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A few weeks before that, there was even better publicity when the FBI busted an organized crime ring headed by a venerable Gambino crime family capo named Greg DePalma, who had gotten doctors to give him huge quantities of Viagra and other free prescription drugs in exchange for Rao's reservations. "You got to tell me if you need some tables," the feds heard DePalma tell one doctor. "I gave up from May already. I still got the rest."
That was only the most recent Rao's boost by DePalma, whose gangland fame was sealed when he appeared in an arms-around photograph with Frank Sinatra and late godfather Carlo Gambino at the old Westchester Premiere Theatre. In a 2002 trial, prosecutors charged that DePalma, already doing six years for racketeering, had tried to hire a hit man to murder a rival who had tried to swipe his regular Rao's table.
DePalma beat that case, but he wasn't the only gangster allegedly driven to distraction by the threat of losing a reservation there. A few years ago, city detectives listened in as Steven Crea, the acting boss of the murderous Luchese crime family and a Rao's regular until he was dispatched to prison, angrily dismissed a plea from other gangsters that he give up some of his nights there. "What the fuck is it they want?" Crea was heard to say. "They want the table," answered mob soldier Dominick Truscello.
Then there was the time, as later revealed by federal prosecutors, that a crew of Albanian thugs jousting for territory with a weakened Gambino crime organization bullied their way into the restaurant and claimed a table that had been passed along like a cherished heirloom from John Gotti Sr. to his son and namesake and thence to acting boss Arnold Squitieri.
Topping all of those "allegeds" and "reputeds" was the Christmas Eve 2003 shooting by one pistol-packing Rao's diner of another in a dispute over a patron's singing talents. Luchese soldier Al Circelli was shot dead beside his bar stool. A friend dining with Straci caught a bullet in his foot. The incident prompted front-page tabloid spasms of delight and consternation among wiseguys with dinner reservations. "Listen, Rao's closed?" a desperate-sounding Anthony Megale, a Gambino underboss, was heard to ask on his FBI-monitored cell phone the day after the shooting. "Because I got a table there tonight and I've been trying to call all day." Ultimately, shooter Louis "Lump Lump" Barone pled guilty and ended up with a 15-year sentence. But it didn't hurt business. Rao's wound up with an episode of TV's Law & Order about the incident, and a reservation list that went from unattainable to impossible.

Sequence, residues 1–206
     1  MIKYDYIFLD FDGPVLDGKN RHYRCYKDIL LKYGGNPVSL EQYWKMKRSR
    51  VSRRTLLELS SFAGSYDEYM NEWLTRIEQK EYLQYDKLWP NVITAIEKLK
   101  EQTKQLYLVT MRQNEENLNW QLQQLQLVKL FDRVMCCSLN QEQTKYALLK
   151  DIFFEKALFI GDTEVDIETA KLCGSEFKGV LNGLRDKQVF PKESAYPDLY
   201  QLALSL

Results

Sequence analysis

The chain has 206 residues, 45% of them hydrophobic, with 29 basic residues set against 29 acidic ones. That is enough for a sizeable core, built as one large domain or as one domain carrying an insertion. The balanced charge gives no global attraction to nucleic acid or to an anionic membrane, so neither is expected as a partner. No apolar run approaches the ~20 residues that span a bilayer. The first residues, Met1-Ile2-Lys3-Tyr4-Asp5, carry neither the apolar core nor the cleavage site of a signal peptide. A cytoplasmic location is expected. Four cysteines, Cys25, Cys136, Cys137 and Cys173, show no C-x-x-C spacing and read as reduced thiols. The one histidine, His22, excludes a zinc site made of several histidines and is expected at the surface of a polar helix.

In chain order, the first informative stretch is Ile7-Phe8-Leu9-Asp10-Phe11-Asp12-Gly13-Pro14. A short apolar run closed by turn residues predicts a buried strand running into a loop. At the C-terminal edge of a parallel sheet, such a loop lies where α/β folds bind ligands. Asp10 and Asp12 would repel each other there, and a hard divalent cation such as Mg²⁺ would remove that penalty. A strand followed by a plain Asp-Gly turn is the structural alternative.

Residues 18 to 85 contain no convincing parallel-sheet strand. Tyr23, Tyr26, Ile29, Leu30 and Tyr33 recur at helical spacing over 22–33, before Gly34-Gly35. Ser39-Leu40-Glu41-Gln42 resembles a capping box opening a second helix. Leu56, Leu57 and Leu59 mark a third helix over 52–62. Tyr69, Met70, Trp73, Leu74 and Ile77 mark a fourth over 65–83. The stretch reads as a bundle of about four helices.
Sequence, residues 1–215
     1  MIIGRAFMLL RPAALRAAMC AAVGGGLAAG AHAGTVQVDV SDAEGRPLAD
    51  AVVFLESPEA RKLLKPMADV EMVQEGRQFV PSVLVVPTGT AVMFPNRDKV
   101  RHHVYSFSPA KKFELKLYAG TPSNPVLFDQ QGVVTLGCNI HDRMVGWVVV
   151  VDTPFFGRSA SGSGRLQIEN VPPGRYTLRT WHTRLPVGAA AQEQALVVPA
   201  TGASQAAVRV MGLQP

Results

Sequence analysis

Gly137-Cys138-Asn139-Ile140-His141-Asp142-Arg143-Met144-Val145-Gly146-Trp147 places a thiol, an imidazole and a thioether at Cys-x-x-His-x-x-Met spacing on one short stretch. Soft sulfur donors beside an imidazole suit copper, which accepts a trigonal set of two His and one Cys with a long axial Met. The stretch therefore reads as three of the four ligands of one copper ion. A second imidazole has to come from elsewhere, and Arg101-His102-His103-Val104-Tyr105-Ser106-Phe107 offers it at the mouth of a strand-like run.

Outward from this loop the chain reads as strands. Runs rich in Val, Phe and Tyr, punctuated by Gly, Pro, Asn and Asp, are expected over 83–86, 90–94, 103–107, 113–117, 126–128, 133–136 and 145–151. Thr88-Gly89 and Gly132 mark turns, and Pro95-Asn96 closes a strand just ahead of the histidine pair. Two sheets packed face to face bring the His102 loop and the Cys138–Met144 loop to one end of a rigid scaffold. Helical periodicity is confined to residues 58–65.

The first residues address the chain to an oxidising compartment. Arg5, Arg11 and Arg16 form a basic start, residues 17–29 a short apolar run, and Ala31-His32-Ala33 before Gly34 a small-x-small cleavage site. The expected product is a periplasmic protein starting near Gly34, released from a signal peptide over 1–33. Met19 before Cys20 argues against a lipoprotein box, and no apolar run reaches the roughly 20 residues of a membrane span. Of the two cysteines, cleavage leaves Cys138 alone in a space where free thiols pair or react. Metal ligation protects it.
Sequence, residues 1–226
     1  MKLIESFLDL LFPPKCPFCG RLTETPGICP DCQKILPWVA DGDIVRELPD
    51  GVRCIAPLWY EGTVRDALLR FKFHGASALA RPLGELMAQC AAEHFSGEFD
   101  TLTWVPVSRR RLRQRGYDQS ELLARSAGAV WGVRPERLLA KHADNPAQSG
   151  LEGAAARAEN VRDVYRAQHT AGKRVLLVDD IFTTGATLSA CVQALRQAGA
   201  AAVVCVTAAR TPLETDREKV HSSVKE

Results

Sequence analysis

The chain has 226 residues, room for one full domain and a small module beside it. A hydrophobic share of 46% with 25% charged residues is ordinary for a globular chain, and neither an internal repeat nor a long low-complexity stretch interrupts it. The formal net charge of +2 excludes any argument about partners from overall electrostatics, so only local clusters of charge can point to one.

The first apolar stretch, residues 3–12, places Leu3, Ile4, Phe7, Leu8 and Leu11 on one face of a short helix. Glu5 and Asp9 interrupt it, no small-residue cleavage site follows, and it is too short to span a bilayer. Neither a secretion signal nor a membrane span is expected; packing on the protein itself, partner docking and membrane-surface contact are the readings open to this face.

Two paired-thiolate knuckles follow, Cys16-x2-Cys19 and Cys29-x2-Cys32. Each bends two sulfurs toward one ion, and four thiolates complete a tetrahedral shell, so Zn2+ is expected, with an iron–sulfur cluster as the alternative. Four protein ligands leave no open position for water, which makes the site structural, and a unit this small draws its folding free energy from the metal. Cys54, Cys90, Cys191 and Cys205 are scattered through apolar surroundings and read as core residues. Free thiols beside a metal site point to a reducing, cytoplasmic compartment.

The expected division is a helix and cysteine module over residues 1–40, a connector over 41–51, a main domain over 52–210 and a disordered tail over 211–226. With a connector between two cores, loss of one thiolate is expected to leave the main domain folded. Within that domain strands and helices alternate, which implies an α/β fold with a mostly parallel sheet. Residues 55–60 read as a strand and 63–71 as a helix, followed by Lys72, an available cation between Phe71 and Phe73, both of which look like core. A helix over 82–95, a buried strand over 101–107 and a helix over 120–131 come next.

When a 30-year friend and business associate called Straci recently to ask what the chances were he could get a table to celebrate his son's birthday, the lawyer responded, "Not with a shoehorn."
But all that mob romance gets lost somewhere between Pleasant Avenue and the sprawling bus yards of East Brooklyn and the South Bronx where members of Local 1181 park their buses. Even if they could somehow cadge a seat at Rao's, the members would need the early-plate special. They are family men and women whose job it is to get up before dawn and transport the city's children in big yellow buses to school. Some drive, and others serve as escorts or matrons on vehicles carrying handicapped kids or those enrolled in special-education classes. Each paid $300 initiation fees to join the union; another 1.5 percent of their wages is deducted every month in dues. In exchange, the members say they have asked only that their union treat them with respect and represent them when disputes arise with management. They say they have gotten neither.
The dissidents: Tommy Nero, Dina Nero, Brijida Pilgrim, Jonas Saint-Fleur, Marc Clergeau, Warren Zaugg, John Bisbano, and Eddy Megie.
photo: Dennis Kleiman
The dissidents know the 70-year-old Straci as the handsome man who "wears nice suits and looks like an actor," and who sits on the podium at union meetings with Battaglia and Bernstein, offering occasional whispered advice. Those members say that Straci and his clients run their union as a closed shop for themselves, with little concern for the drivers' interests or welfare.
"What they say all the time is, 'You are lucky to have this job,' " said Simon Jean-Baptiste, 50, a bus driver for 19 years who ran for a post as union delegate in the disputed elections held last June. Jean-Baptiste, a tall man with a quiet demeanor, was one of thousands of Haitians and other immigrants who began working in the school bus industry over the past two decades. They were part of the transformation of a workforce that was once predominantly Italian, Irish, and Jewish, composed largely of retired city cops and sanitation workers. The membership of Local 1181, which also represents drivers of para-transit and some commuter buses, is listed on filings with the federal Labor Department as 14,500. The union's own officers acknowledge that the ethnic makeup of its membership is now almost three-quarters black and Latino. Yet all of the officers are white.
A few years ago, a friend of Jean-Baptiste's named Marc Clergeau filed suit against the union and his former employer after he claimed he was wrongfully fired from his job as a driver with a Brooklyn bus company. Clergeau said the union refused to represent him, thus violating federal labor laws that say union members have a right to "fair representation." In a jury trial held in 2002 before U.S. District Court Judge Nicholas Garaufis, Clergeau won more than $100,000 in back pay and damages.